February 13, 2009


McGraw Resource Center helping families

The center, which opened in January, offers programs on nutrition, health and child care

CenterJoe McIntyre/staff photographer
McGraw Family Resource Center coordinator Pam Bellrose helps Brooke Irish, 6, make a “bagel face” using vegetables as the facial features Wednesday as Mason Bellrose, 7, left, enjoys his creation while at McGraw Elementary School.

Staff Reporter

McGRAW — Lucas Farris put vegetables onto a plain bagel and cream cheese to create a face, while his mother told him how yummy it could be.
Tomatoes, carrots, bean sprouts and cucumber slices are good for you, Candy Farris said.
The 3-year-old listened a little, then turned to his red fire engine, a transformer toy that turned into a robot figure. Around him in a former classroom at McGraw Elementary School, 10 other children and their parents assembled faces on bagels with their parents’ help.
Pam Bellrose watched and smiled. This was the weekly Pretend Soup program at the Cortland County CAPCO Family Resource Center, which opened in January.
“This is a big turnout,” said Bellrose, the center’s director. “It’s been picking up in attendance.”
The center, sponsored by the county and the McGraw Central Schools, offers families help with tax preparation, health care, nutrition and child care.
The room contains toys, art supplies and books.
Head Start previously occupied the room. Bellrose said that agency moved its center to Cortland.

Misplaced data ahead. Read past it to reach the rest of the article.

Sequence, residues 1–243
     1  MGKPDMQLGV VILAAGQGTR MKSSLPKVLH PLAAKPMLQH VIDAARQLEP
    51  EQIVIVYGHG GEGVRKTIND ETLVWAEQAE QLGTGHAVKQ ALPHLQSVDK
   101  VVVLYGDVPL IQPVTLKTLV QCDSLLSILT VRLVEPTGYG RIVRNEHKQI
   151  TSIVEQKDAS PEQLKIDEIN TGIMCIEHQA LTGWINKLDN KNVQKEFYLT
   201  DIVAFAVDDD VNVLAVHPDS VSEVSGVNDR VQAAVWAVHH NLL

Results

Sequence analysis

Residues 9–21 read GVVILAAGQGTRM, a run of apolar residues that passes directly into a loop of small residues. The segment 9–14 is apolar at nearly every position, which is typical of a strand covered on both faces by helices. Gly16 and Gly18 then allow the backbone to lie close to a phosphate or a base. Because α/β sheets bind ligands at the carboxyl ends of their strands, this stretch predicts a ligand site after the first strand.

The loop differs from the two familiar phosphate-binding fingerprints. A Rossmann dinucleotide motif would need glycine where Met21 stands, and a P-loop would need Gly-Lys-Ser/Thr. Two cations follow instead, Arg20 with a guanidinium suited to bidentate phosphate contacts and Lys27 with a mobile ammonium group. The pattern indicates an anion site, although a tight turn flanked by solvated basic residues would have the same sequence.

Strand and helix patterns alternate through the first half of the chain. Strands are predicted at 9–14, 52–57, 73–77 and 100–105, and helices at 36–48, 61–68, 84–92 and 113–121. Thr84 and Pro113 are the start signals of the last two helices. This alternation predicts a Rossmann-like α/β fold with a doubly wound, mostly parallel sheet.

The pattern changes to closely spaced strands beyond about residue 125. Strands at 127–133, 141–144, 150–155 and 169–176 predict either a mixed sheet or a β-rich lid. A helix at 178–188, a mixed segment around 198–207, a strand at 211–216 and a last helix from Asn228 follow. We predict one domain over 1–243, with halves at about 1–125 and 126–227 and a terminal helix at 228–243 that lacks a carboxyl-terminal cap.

The weekly one-hour Pretend Soup event is named after the book ‘Pretend Soup,” a collection of recipes for children written by children and gathered by a teacher.
“This is my first one,” said McGraw resident Kristine Stevens, who came with her daughters Melynna, 4, and Shaylea, 5. “This is a good thing for us to do together. I plan to come to this again.”
Their food faces done and lessons about healthy eating passed along — Bellrose hoped — the children made Valentine’s Day designs out of pink and red paper.
Bellrose said the center’s programs include tax preparation by volunteers with Vita for families whose incomes make them eligible; a toddler enrichment program for 4-year-olds that shows them what kindergarten will be like the next year; play period for toddlers every Wednesday morning; parents reading to children one night a month; and health care aid from Fidelis from 8:30 to 11:30 a.m. on Wednesdays.
A breast-feeding support group meets there on the fourth Tuesday of every month, sponsored by WIC.
The center will host a talk about how to become a child care provider at 5:30 p.m. on Feb. 25.
Bellrose said CAPCO will present a program about home weatherization on Feb. 24. The center also has applications for the Home Energy Assistance Program.
Bellrose is talking to the people who manage the United Methodist Church’s food pantry about having a food preparation class there.
She also has been talking to the Village Board about planning summer programs for children, perhaps at the village recreation center.


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